Google Fiber subcontract workers in Kansas City voted today to join the Alphabet Workers Union (AWU), part of the Communications Workers of America’s (CWA) broader push to organize tech workers.
The election results add a small number of Google Fiber retail workers, subcontractors of BDS Connected Solutions, to the budding union movement at Google’s parent company. That union formed a year ago after a series of disputes between Google workers and management, including the firing of Black AI ethics researcher Dr. Timnit Gebru.
“Today we are elated to see the NLRB reaffirm what we have already known — that we enjoy overwhelming support for our union,” said Eris Derickson, a retail associate at BDS Connected Solutions and Google Fiber in a statement.
The Google Fiber workers filed their petition for their election with the National Labor Relations Board on January 4, 2022 — the one year anniversary that Google workers launched the AWU. The NLRB petition names BDS Connected Solutions, not Google, as the employer.
The Kansas City Google Fiber workers, who voted 9 to 1 in favor of unionizing, hope to advocate for equal protections and benefits across Google for subcontract workers and full-time employees. With formal recognition from the NLRB, they’re now the first AWU-CWA members with bargaining rights. Prior Alphabet union members had not gone to that length and therefore could not bring their employer to the bargaining table to negotiate labor contracts.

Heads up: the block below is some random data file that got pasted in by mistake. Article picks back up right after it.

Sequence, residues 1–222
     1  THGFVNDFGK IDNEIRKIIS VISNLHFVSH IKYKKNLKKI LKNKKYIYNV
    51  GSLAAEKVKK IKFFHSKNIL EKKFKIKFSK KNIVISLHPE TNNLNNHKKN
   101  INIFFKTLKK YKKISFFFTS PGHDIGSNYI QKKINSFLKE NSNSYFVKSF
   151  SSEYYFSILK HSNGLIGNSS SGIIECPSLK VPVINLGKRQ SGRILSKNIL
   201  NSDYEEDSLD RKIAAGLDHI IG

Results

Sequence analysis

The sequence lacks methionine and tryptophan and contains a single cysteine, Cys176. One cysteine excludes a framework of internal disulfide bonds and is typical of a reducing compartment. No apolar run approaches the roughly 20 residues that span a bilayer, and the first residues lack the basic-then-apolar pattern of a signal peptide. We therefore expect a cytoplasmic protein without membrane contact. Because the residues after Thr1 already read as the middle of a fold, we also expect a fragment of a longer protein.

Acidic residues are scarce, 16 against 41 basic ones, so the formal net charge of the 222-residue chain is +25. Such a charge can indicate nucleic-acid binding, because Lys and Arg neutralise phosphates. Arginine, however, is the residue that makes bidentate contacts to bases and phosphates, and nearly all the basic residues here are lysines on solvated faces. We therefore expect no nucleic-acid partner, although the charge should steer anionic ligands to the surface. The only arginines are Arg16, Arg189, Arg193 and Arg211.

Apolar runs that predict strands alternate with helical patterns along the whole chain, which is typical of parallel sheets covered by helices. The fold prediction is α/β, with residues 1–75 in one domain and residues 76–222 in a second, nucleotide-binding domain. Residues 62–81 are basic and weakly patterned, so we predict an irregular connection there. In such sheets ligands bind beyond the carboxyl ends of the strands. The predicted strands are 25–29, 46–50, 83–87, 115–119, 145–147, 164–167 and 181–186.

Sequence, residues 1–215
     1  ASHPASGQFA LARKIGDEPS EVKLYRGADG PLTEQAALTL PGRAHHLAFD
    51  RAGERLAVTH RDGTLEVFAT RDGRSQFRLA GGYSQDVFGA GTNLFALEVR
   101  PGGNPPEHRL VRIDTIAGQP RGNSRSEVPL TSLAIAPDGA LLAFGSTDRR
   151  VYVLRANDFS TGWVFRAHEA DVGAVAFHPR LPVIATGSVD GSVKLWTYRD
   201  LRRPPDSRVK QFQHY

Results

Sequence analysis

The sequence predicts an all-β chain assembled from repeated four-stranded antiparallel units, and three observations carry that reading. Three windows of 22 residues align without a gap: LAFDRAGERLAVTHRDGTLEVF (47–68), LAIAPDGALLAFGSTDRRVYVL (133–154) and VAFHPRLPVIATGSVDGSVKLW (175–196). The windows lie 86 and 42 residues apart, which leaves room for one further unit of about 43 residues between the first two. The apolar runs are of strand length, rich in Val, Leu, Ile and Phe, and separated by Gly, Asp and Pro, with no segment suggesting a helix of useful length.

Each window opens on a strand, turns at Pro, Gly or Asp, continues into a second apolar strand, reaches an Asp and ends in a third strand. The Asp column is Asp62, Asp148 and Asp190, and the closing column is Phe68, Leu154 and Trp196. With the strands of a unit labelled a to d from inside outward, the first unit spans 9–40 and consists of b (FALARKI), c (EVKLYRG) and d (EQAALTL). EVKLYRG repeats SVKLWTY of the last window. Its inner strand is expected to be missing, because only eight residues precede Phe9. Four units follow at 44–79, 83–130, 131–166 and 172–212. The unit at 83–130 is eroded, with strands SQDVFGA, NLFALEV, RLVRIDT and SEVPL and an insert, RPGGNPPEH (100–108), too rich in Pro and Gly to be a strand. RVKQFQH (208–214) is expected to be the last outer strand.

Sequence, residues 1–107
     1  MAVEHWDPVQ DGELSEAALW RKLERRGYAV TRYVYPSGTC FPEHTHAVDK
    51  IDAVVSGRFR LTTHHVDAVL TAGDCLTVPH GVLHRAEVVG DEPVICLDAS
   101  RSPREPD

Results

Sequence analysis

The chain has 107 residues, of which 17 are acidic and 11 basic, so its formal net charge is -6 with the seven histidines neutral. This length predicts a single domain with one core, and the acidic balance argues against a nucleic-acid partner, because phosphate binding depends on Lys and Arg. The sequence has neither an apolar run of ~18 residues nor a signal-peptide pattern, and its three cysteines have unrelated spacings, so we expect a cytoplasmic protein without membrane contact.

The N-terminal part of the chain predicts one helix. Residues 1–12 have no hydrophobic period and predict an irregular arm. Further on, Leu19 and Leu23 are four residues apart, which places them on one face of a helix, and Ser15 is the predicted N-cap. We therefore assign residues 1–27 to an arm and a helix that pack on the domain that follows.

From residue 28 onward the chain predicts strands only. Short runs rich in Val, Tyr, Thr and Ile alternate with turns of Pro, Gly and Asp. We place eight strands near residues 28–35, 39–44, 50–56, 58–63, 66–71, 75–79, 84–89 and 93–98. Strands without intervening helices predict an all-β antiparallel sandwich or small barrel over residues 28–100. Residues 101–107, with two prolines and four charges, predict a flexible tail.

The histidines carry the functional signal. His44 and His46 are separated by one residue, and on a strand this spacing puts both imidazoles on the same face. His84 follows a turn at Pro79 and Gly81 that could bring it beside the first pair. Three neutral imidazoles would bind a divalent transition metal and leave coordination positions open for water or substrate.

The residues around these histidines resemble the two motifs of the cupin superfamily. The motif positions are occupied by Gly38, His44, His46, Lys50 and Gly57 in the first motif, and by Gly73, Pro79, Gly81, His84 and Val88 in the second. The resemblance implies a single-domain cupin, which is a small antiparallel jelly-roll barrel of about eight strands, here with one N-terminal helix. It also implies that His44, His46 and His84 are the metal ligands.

“Since our founding we have been committed to tackling Alphabet’s segregative, two-tiered employment system,” said Andrew Gainer-Dewar, a software engineer and member of AWU-CWA based in Cambridge, Mass., in a statement. “We are proud to stand with our fellow Alphabet workers as they head to the negotiating table to secure the pay, benefits and rights they have earned.”
The rights of temporary workers were central to AWU’s mission from the start, which opted not to pursue NLRB recognition in order to include all Alphabet employees, regardless of classification as contractors or full-time employees. Other issues include wages and compensation and the effort to hold the company accountable to being a positive force in society.
“We have many contracts with both unionized and non-union suppliers, and respect their employees’ right to choose whether or not to join a union,” said a Google representative in a statement. “The decision of these contractors to join the Communications Workers of America is a matter between the workers and their employer, BDS Solutions Group.”
Today’s election result is part of a greater wave of labor organizing activity playing out in workplaces across the country that are not traditionally unionized, including in retail and food service sectors at companies like REI and Starbucks and at tech behemoths like Amazon. Earlier this month, tech workers at the New York Times voted to join NewsGuild alongside their editorial colleagues.
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